Mahwah: A “Special Meeting” has been scheduled for January 25th at 10am. The purpose of the meeting is to go into Closed Session to discuss: Litigation.
As the next scheduled Mahwah Town Council meeting is 2/8, it would appear this special meeting is the Council’s last chance to settle claims against them before the Court imposed deadline.
On January 12th, the Townships’ Counsel, Cleary Giacobbe sent a letter to Court indicating they needed an extension of the time to answer the complaint because “the parties are in the process of engaging in settlement discussions that would resolve this entire matter”.
The Court extended Mahwah’s time to answer the complaint until January 31st (the Judge indicated that it was being extended “for the last time”).
As the legal actions begin to wind down, in favor of the Eruv Association, the Township Council remains, as defiant as ever.
The Bigotry Started With Complaints
Earlier this spring, some residents noticed Hasidic Jews hanging out in local Mahwah Township parks. Almost immediately, cries were heard about “overcrowding” and “other people”.
Local Leaders Responded to the Bigoted Mob
Local political leaders were swift to act. Ordinance 1806 came first. The letter of the law banned non-NJ residents from enjoying the amenities in local parks. But it was in the application, where the truly pernicious nature became readily apparent. The restrictions only applied to certain non-residents.
As I wrote back in August:
You can’t only apply laws to certain people (e.g. Jews from Rockland County), and not an out of state Grandma with her Mahwah resident grand-kids. That would be unequal treatment under the law for which the cops could be liable to scrutiny and legal action for selective enforcement. From a municipal perspective, the last thing anyone should want is another easily winnable lawsuit because of a poorly drafted ordinance.
But as you can see below, this is exactly the kind of situation the council created when they enlisted the lawyers to draft Ordinance 1806.
To be blunt: Mahwah’s Mayor, Council President and the rest of the Council designed and enacted an ordinance that prohibited Jews from crossing the adjacent NY border to use the parks in their town. They exempted the non-residents they liked and declared the rest, verboten.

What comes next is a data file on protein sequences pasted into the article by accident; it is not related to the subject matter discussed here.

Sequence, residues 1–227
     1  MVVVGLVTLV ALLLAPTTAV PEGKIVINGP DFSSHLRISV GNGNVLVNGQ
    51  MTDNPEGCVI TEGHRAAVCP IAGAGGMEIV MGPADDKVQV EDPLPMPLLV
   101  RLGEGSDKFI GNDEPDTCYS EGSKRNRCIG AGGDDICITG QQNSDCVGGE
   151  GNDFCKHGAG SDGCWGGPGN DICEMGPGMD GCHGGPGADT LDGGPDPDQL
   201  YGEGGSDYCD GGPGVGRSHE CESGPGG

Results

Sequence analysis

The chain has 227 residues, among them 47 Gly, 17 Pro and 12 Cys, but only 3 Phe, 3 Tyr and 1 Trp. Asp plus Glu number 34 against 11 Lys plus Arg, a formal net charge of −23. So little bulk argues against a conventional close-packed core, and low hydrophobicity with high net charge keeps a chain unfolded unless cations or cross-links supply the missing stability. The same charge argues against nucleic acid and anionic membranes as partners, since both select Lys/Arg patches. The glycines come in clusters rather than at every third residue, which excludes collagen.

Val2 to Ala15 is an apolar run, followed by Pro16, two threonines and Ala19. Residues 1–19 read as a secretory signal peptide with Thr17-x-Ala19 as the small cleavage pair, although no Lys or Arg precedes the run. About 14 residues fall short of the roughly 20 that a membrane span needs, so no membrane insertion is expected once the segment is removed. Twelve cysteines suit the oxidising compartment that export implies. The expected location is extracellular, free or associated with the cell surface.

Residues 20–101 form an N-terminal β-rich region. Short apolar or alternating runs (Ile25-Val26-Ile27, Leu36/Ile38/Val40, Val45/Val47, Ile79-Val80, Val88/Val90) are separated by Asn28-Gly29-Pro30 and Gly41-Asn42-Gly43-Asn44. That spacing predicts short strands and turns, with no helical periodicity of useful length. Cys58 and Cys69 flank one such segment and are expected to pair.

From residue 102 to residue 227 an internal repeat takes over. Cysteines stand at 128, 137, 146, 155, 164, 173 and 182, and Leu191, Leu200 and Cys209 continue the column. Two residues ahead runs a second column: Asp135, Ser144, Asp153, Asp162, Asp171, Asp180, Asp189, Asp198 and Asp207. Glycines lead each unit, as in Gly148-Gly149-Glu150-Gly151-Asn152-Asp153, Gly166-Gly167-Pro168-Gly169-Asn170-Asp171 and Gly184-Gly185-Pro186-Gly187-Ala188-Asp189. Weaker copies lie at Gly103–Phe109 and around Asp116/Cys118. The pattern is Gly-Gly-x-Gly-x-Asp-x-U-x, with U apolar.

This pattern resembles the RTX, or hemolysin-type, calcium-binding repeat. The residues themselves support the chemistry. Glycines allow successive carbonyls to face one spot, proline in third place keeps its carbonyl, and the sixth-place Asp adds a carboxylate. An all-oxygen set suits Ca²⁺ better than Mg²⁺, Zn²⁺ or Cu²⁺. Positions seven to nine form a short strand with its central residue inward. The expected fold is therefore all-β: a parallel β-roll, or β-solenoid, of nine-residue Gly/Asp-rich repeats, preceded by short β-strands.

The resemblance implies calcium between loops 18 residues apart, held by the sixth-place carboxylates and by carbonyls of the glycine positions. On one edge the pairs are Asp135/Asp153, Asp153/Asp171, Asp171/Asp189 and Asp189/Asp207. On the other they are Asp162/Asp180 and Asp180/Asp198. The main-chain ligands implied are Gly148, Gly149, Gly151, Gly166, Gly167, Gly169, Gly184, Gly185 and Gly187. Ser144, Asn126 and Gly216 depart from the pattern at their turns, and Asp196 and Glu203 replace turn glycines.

Township Administrator Identified Problems With Enforcement
Prior to ordinance 1806 going into effect, there was ample evidence that it was problematic. The township’s business administrator, Quentin Wiest, had inquired and was explicitly told as much from Jerry Giaimis, the administrator of Saddle River. Mr. Giaimis even referenced the NJ Court opinion it would violate. Yet, thinking they would be able to get away with it, Ordinance 1806 went into effect… almost.
Chief of Police Identified Problems With Enforcement
A few days before it was set to take effect, the Chief of Police, James Batelli, wrote a letter to the governing body, following up on his previous email, outlining concerns he had about enforcement of the parks ban. He stated that he would not be able to enforce the ordinance. Sending men with guns to ask Jews for their papers wasn’t going to happen in Mahwah under Chief Batelli’s watch, no matter what the Council had to say about it. The police must abide by the Law Against Discrimination and must uphold the protections of the State and Federal Constitutions.
In his July 24th letter, Chief Batteli stated in part:
“I have expressed my concerns to the Township governing body and the Township Attorney about the enforcement of this Ordinance and how the actions of Officers trying to enforce the Ordinance may violate bias based profiling guidelines (see attached correspondence)…”
“The Ordinance does not provide any neutral criteria for Officers to use as a basis for their actions…”
“The Ordinance essentially leaves our officers little other choice other than to ask for identification for no reason or for impermissible reasons and opens the door for civil based litigation and/or Internal Affairs complaints”.
“It has also been observed the elected officials have been commenting on social media about both the ERUV installation and the park and playground restrictive Ordinance in the same post which could bring into question the motivation and agenda behind the Ordinance which our Officers are expected and tasked to enforce… an argument or foundation could be made that any attempt to enforce this Ordinance is discriminatory and based to target a protected class.”